Friday, August 22, 2008
The SEC posted its agenda for its next Open Meeting, scheduled for August 27, 2008 at 10:00 a.m. The subject matter of the Open Meeting will be:
The Commission will consider whether to adopt amendments to its rules regarding the circumstances under which a foreign private issuer is required to register a class of equity securities under Section 12(g) of the Exchange Act.
The Commission will consider whether to adopt amendments to the forms and rules applicable to foreign private issuers that are intended to enhance the information that is available to investors.
The Commission will consider whether to adopt revisions to the current exemptions for cross-border business combination transactions and rights offerings to expand and enhance the usefulness of the exemptions, and to adopt changes to the beneficial ownership reporting rules to permit certain foreign institutions to file reports on a shorter form. The Commission also will consider whether to publish interpretive guidance on issues related to cross-border transactions.
The Commission will consider whether to propose a Roadmap for the potential use by U.S. issuers for purposes of their filings with the Commission of financial statements prepared in accordance with International Financial Reporting Standards ("IFRS") as issued by the International Accounting Standards Board. As part of the Roadmap, the Commission will also consider whether to propose amendments to various rules and forms that would permit early use of IFRS by a limited number of U.S. issuers.
In Free Enterprise Fund v. PCAOB (D.C. Cir. Aug. 22, 2008), the D.C. Circuit, with one Judge dissenting, held that Title I of the Sarbanes-Oxley Act (which created the Public Company Accounting Oversight Board) was constitutional and did not violate the appointments clause and separation of powers because it does not permit adequate Presidential control of the Board. The majority stated:
We hold, first, that the Act does not encroach upon the Appointment power because, in view of the Commission’s comprehensive control of the Board, Board members are subject to direction and supervision of the Commission and thus are inferior officers not required to be appointed by the President. Second, we hold that the for-cause limitations on the Commission’s power to remove Board members and the President’s power to remove Commissioners do not strip the President of sufficient power to influence the Board and thus do not contravene separation of powers, as that principle embraces independent agencies like the Commission and their exercise of broad authority over their subordinates. Accordingly, we affirm the grant of summary judgment to the Board and the United States.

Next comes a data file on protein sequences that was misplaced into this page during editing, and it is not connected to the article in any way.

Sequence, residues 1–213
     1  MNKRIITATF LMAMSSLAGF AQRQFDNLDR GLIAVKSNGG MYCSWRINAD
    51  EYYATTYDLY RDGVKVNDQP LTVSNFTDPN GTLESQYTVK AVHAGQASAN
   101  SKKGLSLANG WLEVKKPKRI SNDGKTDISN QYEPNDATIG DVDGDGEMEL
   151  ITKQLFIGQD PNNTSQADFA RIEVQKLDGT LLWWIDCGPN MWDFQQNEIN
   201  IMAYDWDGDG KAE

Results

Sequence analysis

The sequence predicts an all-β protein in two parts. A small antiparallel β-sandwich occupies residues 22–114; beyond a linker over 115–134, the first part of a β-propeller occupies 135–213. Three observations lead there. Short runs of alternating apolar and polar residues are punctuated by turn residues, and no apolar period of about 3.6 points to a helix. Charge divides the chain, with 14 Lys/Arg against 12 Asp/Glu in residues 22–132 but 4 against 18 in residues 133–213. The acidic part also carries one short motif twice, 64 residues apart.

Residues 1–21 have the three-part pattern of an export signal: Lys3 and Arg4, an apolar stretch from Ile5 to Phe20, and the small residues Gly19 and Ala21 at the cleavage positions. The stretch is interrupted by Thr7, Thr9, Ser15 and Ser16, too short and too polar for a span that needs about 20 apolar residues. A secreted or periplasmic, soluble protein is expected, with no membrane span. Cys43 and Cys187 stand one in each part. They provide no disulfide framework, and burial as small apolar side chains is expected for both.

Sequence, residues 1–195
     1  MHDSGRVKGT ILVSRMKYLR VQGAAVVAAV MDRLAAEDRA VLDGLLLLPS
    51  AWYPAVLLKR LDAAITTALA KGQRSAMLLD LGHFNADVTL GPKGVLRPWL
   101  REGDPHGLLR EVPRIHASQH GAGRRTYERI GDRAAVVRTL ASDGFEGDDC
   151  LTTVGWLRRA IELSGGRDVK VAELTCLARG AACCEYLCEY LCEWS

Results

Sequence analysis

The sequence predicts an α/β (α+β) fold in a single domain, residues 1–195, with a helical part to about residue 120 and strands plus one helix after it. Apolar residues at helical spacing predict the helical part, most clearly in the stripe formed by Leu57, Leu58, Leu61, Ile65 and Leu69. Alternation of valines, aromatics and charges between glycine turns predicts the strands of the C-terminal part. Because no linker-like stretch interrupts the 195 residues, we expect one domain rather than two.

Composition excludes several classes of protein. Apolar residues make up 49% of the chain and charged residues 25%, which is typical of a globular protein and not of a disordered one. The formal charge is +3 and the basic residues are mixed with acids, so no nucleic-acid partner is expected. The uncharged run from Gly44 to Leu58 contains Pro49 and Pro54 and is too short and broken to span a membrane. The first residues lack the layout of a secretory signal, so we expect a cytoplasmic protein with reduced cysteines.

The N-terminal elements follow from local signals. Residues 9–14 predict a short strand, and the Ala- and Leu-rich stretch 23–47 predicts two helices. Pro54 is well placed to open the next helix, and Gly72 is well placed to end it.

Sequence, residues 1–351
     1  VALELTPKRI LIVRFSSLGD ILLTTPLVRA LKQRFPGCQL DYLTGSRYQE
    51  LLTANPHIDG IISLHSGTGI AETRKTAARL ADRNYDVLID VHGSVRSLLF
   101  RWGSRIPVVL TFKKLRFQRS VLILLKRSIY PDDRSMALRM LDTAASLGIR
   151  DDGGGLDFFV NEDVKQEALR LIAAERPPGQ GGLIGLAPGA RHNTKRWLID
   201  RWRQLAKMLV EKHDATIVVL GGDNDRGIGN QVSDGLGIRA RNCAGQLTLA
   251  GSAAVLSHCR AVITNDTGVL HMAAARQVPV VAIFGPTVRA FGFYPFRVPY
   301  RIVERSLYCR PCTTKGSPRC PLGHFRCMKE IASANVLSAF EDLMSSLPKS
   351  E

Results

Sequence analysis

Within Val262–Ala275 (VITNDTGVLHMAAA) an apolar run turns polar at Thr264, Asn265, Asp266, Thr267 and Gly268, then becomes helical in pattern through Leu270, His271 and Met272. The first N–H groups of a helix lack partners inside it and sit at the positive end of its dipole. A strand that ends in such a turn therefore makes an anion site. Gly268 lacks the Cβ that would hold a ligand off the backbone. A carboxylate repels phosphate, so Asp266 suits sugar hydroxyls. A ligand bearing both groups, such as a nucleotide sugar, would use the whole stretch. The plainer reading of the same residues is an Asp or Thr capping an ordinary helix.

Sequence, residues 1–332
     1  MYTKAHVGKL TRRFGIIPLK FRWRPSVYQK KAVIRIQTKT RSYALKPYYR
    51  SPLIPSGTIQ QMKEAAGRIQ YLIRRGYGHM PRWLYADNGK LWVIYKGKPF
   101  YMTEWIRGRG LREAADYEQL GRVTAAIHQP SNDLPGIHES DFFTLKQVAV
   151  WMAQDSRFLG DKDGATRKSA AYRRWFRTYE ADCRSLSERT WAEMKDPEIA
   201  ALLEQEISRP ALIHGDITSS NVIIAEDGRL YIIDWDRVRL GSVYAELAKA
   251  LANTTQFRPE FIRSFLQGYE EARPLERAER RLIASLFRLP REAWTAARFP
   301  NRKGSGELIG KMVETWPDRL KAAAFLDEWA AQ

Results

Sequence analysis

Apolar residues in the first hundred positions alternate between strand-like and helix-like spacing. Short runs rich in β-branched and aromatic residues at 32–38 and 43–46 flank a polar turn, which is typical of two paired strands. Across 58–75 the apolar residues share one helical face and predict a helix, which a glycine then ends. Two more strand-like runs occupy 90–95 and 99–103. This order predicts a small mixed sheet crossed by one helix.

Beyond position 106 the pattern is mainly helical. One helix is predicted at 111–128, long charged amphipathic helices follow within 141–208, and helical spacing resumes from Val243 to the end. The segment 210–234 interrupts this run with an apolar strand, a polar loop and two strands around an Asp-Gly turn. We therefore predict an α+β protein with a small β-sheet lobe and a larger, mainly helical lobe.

Judge Kavanaugh, in dissent, described the case as "the most important separation-of-powers case regarding the President’s appointment and removal powers to reach the courts in the last 20 years." Both opinions are lengthy, and much of the majority opinion is spent in refuting the dissent's arguments.Download PCABO_DCopinion.pdf
Today the SEC's Division of Enforcement today announced that a preliminary settlement in principle has been reached with Merrill Lynch, Pierce, Fenner & Smith, Inc. (Merrill Lynch) about auction rate securities (ARSs), a day after New York, Massachusetts and NASAA announced settlements. The settlement would enable investors who purchased auction rate securities from the firm to receive a total of up to $7 billion to restore their losses and liquidity. In addition to helping individual investors, small businesses, and charities who were ARS customers of Merrill Lynch, the preliminary settlement also would require Merrill Lynch to use its best efforts to provide liquidity for approximately $1.5 billion worth of ARS purchased through Merrill Lynch by other business and institutional customers. The terms of the settlement are subject to finalization, review and approval by the Commission.
Under the terms of the agreement in principle:
No later than Oct. 1, 2008, Merrill Lynch will offer to liquidate at par all ARS from individual, charitable, and small business investors with account values up to $4 million who purchased ARS from Merrill Lynch prior to the collapse of the ARS market in mid-February 2008. This offer will include investors who held ARS in their Merrill Lynch account as of Feb. 13, 2008, but who subsequently transferred the account to another firm. The offer will remain open until Jan. 15, 2010, and investors may accept it at any time before that date.
No later than Jan. 2, 2009, Merrill Lynch will offer to liquidate at par all ARS from remaining individual and charitable investors, and from small businesses with account values up to $100 million who purchased ARS from Merrill Lynch prior to the collapse of the ARS market in mid-February 2008. This offer will include investors who held ARS in their Merrill Lynch account as of Feb. 13, 2008, but who subsequently transferred the account to another firm. The offer will remain open until Jan. 15, 2010, and investors may accept it at any time before that date.
Until Merrill Lynch actually provides for the buy back of ARS on the schedule set forth above, Merrill Lynch will provide certain investors no cost loans that will remain outstanding until the ARS are repurchased or until an investor declines Merrill Lynch's offer to repurchase the securities at par.
Merrill Lynch will reimburse customers for costs incurred under any prior loan programs the firm provided to its ARS investors.
Merrill Lynch will make whole any losses sustained by any of the investors described above who sold ARS after Feb. 13, 2008, at a loss.